mark321 — 2010-07-16T12:40:57-04:00 — #1
I came up with a name I really liked and obtained the domain. I just found that a company exists with the same name but with a different ending. Will I be infringing on their trademark if I do business? They do web design as well.
For example, let's call them Carrot Studios. If I am Carrot Media, would there be any issue? I don't think it will cause any confusion and it's not like I'm using their name 100%.
This particular firm also goes by just the first part of the name (Carrot, as an example) and have a TM sign next to it presumably thinking they will own that word which is just a noun ie a real word. I don't think they have any right to it.
But then again there is Apple, but I guess they would be an exception due to fame.
Anyway, if anyone has any feedback or advice I'd REALLY appreciate it. I don't have money for a lawyer. Thanks in advance!
papergirl — 2010-07-21T21:32:21-04:00 — #2
i have this same problem,
i have a trade mark registered as "something" graphics
the lawyer that registered the trade mark for me said that "graphics" isn't included in the trademark because this is a service i offer.
and "something" is what is trademarked. (even though the trademark is listed as "something graphics")
I have just found someone advertising as "something designs" in the same classification that i have the trademark registered for.
he said i can get them on a breach of my trade mark.
is this correct?
( "something" is replacing the real trademark name that i dont really want to disclose")
ted_s — 2010-07-17T06:05:15-04:00 — #3
They can sue you for lost business, harmimg their good name, causing consumer confusion, etc... Whether they win anything or not is another issue, but the cost of defending it, even if only for a discovery round, would not be fun.
Just because they generally ask first doesn't mean they have to.
mark321 — 2010-07-16T15:14:34-04:00 — #4
If I comply and give up the right to use the name, what can they sue for though and for what basis to impose legal fees?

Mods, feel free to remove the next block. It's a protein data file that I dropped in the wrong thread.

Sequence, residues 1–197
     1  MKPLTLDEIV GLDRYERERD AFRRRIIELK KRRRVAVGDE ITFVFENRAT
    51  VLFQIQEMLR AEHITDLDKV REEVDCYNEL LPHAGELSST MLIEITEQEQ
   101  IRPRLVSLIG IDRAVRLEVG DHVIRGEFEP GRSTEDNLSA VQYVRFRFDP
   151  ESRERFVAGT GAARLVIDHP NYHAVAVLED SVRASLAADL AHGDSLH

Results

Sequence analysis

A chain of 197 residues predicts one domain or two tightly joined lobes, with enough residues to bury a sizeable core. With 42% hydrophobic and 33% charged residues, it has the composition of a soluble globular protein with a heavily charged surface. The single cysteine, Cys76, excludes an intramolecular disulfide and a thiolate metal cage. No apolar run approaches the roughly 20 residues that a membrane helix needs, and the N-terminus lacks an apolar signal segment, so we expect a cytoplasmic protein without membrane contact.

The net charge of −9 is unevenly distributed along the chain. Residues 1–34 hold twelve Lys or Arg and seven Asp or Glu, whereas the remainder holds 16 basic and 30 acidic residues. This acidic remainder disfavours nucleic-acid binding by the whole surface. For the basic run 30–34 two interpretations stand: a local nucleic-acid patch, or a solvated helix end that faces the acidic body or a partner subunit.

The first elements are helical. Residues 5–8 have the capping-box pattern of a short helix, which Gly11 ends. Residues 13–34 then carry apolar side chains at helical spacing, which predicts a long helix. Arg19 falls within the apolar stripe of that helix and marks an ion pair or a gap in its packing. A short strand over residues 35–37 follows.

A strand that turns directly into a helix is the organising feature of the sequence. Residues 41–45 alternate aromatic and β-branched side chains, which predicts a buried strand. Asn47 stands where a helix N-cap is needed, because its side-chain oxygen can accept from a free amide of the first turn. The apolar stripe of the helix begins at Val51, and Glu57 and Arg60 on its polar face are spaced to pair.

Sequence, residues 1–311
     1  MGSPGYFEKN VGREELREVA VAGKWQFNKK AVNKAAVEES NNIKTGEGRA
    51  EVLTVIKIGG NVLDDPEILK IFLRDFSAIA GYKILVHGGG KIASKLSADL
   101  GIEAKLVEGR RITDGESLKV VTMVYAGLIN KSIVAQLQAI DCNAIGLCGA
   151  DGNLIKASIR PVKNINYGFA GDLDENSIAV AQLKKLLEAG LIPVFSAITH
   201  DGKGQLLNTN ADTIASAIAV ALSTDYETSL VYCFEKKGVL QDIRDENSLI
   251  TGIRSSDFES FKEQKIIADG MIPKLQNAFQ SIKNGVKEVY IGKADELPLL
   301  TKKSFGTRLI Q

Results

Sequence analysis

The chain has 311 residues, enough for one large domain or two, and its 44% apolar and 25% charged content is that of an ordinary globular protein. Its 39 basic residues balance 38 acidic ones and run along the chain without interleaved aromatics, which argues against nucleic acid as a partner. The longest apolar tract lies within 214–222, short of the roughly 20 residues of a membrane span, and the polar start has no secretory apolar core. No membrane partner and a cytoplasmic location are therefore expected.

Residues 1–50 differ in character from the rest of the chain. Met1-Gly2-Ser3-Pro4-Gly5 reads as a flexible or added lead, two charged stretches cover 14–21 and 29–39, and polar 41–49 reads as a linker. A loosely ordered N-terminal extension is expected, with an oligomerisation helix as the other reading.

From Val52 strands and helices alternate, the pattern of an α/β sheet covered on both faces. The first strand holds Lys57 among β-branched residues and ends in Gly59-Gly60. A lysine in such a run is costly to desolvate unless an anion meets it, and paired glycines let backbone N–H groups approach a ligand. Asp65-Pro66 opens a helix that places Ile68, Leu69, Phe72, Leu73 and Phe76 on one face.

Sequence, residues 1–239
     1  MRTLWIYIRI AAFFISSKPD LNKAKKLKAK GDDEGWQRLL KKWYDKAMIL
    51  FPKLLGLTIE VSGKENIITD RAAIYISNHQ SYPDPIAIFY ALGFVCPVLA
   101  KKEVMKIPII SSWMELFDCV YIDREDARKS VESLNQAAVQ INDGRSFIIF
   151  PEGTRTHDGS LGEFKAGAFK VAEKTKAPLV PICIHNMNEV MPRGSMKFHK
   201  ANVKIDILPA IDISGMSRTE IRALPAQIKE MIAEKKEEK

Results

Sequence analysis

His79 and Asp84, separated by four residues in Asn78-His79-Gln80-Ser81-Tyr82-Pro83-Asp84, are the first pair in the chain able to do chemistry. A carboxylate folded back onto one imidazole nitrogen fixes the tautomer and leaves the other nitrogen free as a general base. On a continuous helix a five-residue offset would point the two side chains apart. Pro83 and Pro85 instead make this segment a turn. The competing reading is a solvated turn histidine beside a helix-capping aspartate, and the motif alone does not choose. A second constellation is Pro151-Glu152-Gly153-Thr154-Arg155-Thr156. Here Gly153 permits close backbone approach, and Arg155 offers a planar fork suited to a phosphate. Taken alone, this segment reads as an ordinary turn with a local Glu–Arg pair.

attorney_jaffe — 2010-07-16T14:59:28-04:00 — #5
The worst thing that can happen is to be dragged into a legal conflict. Legal fees are often worse than the penalty you face.
Trademark issues are usually heard in Federal court. We have all heard the expression "Don't make a Federal case out of this." Well, the expression finds its origins in the cost of a Federal case which is usually about 50% more than a state court case.
A client who is being sued in Federal court in a trademark case could be looking at legal fees of over $10,000 just to roll over and play dead. A client who wanted to defend themselves and try to win could be looking at $50,000 to $100,000 in legal fees.
mark321 — 2010-07-16T14:08:02-04:00 — #6
Thanks for the response. I didn't want to share so IN CASE there is some issue in the future this thread won't be found and used against me.
Out of curiosity, what is the worst thing that can happen if there is a trademark issue? If I am that unfortunate and they go all out against me, can I be sued? Or just hand over the domain name to them and fully cease operations under that name without any monetary penalty?
I can live with re-branding my business in this line of work.
I am also curious about all the trademark fear mongering online. I mean, I never really heard of any small business having trouble. It's usually some very famous or multinational corporation who goes after any domain that includes their name.
attorney_jaffe — 2010-07-16T13:41:33-04:00 — #7
There is no short answer to this complicated question. Domain names and trademark issues are not just confusing to you, but also confusing to the courts. Just this month, the same appealate court judge issued conflicting opinions on the use of trademarks in a domain name -- eVisa.com not allowed and buy-a-lexus.com allowed.
His rulings rely on razor sharp differences in how the names are protected and how the domains are used -- as well as what the web sites offer.
Looking at your post, I cannot advise you because you do not wish to share the exact names of the companies and domain names. Further, even with these names, advice is going to depend on the nature of the web sites themselves.
attorney_jaffe — 2010-07-22T12:45:15-04:00 — #8
It sounds like your attorney is giving you the correct advice, and since he is the one who has all the facts, I wouldn't doubt him.